A Randalstown man has been given a suspended sentence after pleading guilty to causing unnecessary suffering to his West Highland Terrier type dog.
Francis McErlain (59), of Church View, was sentenced at Antrim Magistrates Court, today after pleading guilty to causing the unnecessary suffering and failing to ensure the welfare of a West Highland Terrier type dog for which he was responsible.
The charges were brought against McErlain by Antrim and Newtownabbey Borough Council under the Welfare of Animals Act (NI) 2011.
The charges related to findings following an investigation by Animal Welfare Officers regarding offences, which related to a severely underweight dog which was heavily matted in its own faeces had severely overgrown nails digging into its paws and was living in filthy conditions.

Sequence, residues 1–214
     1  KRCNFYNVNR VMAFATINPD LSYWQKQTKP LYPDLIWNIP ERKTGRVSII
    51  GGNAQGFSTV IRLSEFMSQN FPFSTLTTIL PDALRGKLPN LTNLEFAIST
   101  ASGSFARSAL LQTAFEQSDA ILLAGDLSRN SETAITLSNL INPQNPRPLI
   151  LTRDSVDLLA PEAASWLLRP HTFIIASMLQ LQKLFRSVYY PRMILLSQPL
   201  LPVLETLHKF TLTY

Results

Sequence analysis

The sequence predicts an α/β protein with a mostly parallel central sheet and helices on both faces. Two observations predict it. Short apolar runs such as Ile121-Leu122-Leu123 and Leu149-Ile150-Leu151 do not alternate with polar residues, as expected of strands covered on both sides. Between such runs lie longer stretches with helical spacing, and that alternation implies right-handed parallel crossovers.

Upon veterinary examination, it was found that the dog was emaciated, had a chronic skin condition and was suffering from dental abscesses.
The conditions of the dog were such that to prevent further chronic suffering and pain, upon veterinary advice it was euthanized.
After considering the pre-sentence report and representations made on behalf of McErlain, District Judge Whyte imposed a two-month jail term, suspended for two years, and disqualified the defendant from keeping any animal for a 10 year period.
He was also ordered to pay costs of £241.
An Antrim and Newtownabbey Borough Council spokesperson said: “Council gives a high priority to the welfare of domestic pets and operates a rigorous enforcement policy to ensure full compliance of regulatory requirements.
“Complaints are investigated thoroughly and where necessary formal action is taken, which may include the service of Improvement Notices or, in extreme cases, the seizure of animals.
“The Council may also prosecute for offences such as in this particularly harrowing case, which I hope serves as a warning to anyone who does not take appropriate care of animals.”